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lamaPLC LabView

lamaPLC LabView Laboratory Virtual Instrument Engineering Workbench (LabVIEW) is a system-design platform and development environment for a visual programming language from National Instruments.

The graphical language is named “G”; not to be confused with G-code. The G dataflow language was originally developed by LabVIEW. LabVIEW is commonly used for data acquisition, instrument control, and industrial automation on a variety of operating systems (OSs), including macOS and other versions of Unix and Linux, as well as Microsoft Windows.

LabVIEW integrates the creation of user interfaces (termed front panels) into the development cycle. LabVIEW programs-subroutines are termed virtual instruments (VIs). Each VI has three components: a block diagram, a front panel, and a connector pane. The last is used to represent the VI in the block diagrams of others, calling VIs. The front panel is built using controls and indicators. Controls are inputs: they allow a user to supply information to the VI.

Indicators are outputs: they indicate, or display, the results based on the inputs given to the VI. The back panel, which is a block diagram, contains the graphical source code. All of the objects placed on the front panel will appear on the back panel as terminals. The back panel also contains structures and functions which perform operations on controls and supply data to indicators. The structures and functions are found on the Functions palette and can be placed on the back panel.

Collectively controls, indicators, structures, and functions are referred to as nodes. Nodes are connected using wires, e.g., two controls and an indicator can be wired to the addition function so that the indicator displays the sum of the two controls. Thus a virtual instrument can be run as either a program, with the front panel serving as a user interface, or, when dropped as a node onto the block diagram, the front panel defines the inputs and outputs for the node through the connector pane. This implies each VI can be easily tested before being embedded as a subroutine into a larger program.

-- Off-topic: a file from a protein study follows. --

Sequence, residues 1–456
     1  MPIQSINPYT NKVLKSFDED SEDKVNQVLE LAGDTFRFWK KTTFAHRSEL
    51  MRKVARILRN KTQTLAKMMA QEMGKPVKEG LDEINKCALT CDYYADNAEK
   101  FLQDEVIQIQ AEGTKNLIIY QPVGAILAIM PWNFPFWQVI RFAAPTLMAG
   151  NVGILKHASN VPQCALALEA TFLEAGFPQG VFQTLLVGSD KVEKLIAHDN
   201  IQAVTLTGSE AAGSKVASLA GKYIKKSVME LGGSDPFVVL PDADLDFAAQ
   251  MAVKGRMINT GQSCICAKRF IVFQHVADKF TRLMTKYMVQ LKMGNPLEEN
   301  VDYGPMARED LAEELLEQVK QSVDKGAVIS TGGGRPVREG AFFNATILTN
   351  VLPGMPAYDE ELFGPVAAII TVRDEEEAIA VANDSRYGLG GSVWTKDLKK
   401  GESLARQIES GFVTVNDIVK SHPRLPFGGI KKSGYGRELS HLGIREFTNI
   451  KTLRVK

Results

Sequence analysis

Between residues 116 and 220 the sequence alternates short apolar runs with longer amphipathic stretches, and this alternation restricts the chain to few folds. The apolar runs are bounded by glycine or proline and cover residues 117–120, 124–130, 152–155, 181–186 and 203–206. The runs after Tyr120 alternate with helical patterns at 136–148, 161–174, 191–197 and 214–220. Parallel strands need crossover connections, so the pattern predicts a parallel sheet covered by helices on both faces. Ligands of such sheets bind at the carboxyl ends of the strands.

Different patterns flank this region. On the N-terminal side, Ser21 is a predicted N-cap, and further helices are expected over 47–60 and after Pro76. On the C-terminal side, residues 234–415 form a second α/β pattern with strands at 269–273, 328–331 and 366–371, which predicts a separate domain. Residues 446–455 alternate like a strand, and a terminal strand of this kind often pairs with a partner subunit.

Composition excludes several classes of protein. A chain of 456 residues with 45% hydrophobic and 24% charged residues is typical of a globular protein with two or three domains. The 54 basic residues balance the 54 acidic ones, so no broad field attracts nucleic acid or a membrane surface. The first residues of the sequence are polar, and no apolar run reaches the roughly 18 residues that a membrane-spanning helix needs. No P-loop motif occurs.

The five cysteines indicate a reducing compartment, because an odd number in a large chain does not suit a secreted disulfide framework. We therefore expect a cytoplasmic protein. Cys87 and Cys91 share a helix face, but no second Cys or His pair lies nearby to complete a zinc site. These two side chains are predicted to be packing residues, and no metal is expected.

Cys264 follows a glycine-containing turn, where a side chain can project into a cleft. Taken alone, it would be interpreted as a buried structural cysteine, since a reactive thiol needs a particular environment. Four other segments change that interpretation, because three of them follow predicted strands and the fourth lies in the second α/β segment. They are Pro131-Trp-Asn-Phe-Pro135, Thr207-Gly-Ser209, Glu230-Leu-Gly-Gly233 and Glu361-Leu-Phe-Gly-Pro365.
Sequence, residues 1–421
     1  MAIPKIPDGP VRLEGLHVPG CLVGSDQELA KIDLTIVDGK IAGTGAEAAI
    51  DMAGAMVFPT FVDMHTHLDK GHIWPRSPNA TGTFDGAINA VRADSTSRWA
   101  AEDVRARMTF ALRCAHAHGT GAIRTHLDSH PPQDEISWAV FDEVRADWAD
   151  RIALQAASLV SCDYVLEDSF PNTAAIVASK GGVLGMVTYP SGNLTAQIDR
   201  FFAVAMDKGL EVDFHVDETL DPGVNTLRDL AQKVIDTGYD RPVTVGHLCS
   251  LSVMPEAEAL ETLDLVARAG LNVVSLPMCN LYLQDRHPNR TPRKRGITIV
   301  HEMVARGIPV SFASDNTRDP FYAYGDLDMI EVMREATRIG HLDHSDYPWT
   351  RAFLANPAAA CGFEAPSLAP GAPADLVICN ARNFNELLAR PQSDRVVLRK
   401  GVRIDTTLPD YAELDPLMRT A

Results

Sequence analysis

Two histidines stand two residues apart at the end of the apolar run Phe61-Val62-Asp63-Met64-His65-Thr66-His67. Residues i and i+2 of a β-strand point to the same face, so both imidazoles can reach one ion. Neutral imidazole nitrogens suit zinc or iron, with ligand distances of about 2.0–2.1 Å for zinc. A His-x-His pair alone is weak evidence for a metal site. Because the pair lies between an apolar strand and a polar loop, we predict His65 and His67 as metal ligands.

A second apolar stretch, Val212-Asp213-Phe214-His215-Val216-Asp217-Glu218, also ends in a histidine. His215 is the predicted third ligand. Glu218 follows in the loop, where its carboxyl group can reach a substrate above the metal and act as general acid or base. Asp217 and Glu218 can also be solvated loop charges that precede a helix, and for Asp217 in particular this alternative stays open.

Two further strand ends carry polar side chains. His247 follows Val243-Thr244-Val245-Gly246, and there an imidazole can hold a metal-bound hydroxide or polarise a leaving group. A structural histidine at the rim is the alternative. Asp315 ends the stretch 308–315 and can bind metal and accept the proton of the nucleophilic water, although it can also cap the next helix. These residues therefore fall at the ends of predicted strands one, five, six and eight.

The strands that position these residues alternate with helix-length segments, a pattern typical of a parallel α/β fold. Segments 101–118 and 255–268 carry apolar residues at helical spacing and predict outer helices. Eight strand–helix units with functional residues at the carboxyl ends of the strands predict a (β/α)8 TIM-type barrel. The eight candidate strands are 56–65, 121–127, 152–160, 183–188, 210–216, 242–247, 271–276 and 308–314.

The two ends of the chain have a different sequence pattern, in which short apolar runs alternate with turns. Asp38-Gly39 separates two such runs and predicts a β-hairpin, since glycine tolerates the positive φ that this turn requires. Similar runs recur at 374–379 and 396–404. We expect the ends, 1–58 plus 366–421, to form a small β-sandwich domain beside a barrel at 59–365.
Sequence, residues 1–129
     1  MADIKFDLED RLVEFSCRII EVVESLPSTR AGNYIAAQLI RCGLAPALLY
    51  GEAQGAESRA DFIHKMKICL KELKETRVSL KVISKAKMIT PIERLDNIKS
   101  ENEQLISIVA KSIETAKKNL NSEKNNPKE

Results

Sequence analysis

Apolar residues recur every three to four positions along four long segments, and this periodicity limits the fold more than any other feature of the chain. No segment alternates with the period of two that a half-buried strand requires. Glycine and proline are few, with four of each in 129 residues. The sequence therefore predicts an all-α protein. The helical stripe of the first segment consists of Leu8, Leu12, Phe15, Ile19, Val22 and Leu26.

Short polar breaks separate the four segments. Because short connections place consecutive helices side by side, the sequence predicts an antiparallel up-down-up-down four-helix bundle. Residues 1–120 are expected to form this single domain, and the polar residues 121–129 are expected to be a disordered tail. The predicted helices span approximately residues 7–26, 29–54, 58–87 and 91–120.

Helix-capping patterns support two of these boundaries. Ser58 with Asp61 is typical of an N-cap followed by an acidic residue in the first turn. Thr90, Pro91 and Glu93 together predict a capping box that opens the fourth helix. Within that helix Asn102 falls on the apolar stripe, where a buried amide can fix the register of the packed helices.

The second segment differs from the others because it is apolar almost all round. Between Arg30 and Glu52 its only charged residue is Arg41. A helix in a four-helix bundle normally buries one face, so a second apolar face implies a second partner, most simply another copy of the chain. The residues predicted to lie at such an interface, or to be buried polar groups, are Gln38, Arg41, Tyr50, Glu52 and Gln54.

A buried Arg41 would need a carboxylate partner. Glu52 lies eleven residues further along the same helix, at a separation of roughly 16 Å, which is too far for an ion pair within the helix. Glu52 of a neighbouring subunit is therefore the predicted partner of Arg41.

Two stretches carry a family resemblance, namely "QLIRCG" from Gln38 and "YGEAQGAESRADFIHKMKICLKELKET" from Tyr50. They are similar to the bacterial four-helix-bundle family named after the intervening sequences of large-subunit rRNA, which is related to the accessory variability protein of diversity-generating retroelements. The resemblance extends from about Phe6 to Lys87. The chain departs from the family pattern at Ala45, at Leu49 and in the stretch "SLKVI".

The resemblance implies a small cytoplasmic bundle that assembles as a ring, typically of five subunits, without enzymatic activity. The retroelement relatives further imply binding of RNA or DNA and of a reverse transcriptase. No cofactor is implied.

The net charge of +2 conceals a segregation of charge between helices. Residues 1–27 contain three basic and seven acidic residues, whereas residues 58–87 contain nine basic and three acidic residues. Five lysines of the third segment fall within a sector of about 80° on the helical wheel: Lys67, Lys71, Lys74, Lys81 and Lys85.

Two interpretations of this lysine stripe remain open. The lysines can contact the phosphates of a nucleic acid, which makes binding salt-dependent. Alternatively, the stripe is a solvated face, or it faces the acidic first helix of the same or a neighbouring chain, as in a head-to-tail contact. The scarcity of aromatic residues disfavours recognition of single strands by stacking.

I personally use Labview mainly for testing communication channels. It is often necessary to control sub-units with the Simatic PLC using Modbus communication. In many cases, it is not easy to set up the PLC correctly the first time either, the sub-units can also hide surprises, in which case Labview comes in handy. If I manage to control the sub-unit from here, it will also work from the PLC (in time). The example below shows the running of a Modbus test:

First Labview testprogram for Grundfos CIM 200 modul

In this case, the communication had to work between an S7-1500 PLC and a Grundfos CIM-200 module. In this case, Modbus multimaster communication is also possible due to the RS485 / Ethernet converter, so several masters can be connected simultaneously. Of course, if necessary, the pump can be controlled entirely from the laptop (as shown in the example):

Labview, as test application

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